People and relatives told us the service was person-centred. They said care was delivered in line with preferences and wishes. People were consulted with and involved in developing their care wherever possible.

People told us that they had no concerns around staff respecting their dignity and privacy in their own homes. One person told us, "Yes they [staff] give me privacy".

People told us they were confident concerns were always listened to and acted upon if necessary by management team.

Lessons were learned from incidents and accidents by reflecting on them and putting systems in place to mitigate any further issues. Managers and staff were consistently open and transparent when things went wrong and kept records to demonstrate this.

People told us the service was well-led. Staff told us, “It’s just an inclusive team. I have a lot of confidence in the management team” and “Just knowing there is always somebody there you can trust to support you means so much.”

The management team and staff had clear roles and responsibilities and were committed to ensuring the service provided was of a consistent standard. There was an emphasis on developing a person-centred culture within the service.

People were supported to have maximum choice and control of their lives and supported them in the least restrictive way possible and in their best interests; the policies and systems in

Inspection carried out on 6 June 2017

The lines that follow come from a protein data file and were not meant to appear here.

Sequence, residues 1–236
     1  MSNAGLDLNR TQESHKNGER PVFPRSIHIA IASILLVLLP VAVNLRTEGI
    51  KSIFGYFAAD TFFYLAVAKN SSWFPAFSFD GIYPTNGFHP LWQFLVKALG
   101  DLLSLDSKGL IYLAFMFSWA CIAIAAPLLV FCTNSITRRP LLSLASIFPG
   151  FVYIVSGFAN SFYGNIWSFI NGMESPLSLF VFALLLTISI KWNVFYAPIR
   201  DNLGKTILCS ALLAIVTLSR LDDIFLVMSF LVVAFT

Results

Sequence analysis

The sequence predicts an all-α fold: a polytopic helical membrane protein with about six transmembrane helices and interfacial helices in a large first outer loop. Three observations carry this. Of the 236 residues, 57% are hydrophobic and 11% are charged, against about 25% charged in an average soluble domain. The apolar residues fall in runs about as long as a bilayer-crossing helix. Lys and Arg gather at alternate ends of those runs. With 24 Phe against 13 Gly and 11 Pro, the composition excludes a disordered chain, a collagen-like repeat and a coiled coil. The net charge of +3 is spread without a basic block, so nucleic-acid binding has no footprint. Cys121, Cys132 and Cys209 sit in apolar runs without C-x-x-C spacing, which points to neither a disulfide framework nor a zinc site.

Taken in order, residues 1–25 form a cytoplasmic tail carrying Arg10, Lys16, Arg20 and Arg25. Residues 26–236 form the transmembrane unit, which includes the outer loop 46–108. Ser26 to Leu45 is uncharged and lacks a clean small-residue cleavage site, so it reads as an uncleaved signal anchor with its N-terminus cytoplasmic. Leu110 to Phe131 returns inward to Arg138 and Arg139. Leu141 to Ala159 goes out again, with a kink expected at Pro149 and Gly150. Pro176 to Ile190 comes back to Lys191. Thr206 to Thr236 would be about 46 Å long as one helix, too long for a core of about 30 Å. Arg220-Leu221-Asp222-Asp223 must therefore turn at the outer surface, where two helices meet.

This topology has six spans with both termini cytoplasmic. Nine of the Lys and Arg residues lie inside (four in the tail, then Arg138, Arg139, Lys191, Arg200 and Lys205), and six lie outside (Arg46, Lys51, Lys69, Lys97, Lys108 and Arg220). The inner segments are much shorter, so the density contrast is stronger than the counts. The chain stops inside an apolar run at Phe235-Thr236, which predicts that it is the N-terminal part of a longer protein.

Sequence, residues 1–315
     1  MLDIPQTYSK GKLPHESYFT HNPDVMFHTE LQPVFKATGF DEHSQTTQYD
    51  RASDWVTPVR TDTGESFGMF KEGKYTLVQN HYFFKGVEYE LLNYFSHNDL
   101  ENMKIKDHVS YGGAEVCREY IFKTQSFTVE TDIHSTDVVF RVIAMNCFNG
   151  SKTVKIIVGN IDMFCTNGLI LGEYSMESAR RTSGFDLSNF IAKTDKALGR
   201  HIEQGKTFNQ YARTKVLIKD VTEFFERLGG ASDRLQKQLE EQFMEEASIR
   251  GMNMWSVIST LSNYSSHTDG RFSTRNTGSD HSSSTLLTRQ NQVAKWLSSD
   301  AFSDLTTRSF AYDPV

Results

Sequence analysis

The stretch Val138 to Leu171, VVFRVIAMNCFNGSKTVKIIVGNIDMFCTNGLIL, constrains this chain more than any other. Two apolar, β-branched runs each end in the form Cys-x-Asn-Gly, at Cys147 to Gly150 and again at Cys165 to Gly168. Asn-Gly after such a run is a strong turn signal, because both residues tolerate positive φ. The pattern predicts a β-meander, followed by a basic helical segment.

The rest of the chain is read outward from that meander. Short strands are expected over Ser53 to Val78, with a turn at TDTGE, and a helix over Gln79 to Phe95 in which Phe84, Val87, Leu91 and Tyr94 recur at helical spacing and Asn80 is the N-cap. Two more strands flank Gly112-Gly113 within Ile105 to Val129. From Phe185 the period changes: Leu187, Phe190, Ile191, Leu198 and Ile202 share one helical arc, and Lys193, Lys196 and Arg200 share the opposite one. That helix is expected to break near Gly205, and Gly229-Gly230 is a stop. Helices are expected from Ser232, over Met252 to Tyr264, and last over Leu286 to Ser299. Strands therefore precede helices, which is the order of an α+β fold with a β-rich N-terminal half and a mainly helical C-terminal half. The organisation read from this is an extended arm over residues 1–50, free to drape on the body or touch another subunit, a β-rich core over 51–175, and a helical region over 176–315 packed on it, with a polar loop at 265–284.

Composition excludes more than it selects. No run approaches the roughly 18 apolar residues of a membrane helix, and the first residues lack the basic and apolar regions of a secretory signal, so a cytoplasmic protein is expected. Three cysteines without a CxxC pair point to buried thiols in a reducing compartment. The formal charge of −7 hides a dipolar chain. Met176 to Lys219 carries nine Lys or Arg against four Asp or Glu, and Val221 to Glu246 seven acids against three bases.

During a routine inspection

Pendennis House is a domiciliary care agency which provides support to people in their own homes. At the time of the inspection they provided care and support 24 hours a day to two people living in their own accommodation in close proximity to the service’s main office in Wadebridge. The service provides specialised 24 hour support including socialisation and inclusion, access to the community or assistance to attend appointments.

This was the first inspection of the service since it registered in October 2016. The inspection was announced. We told the provider three days before our inspection visit that we would be coming. This was because we wanted to make sure people would be at the service to speak with us.

There was a registered manager in post. A registered manager is a person who has registered with the Care Quality Commission to manage the service. Like registered providers, they are ‘registered persons’. Registered persons have legal responsibility for meeting the requirements in the Health and Social Care Act 2008 and associated Regulations about how the service is run.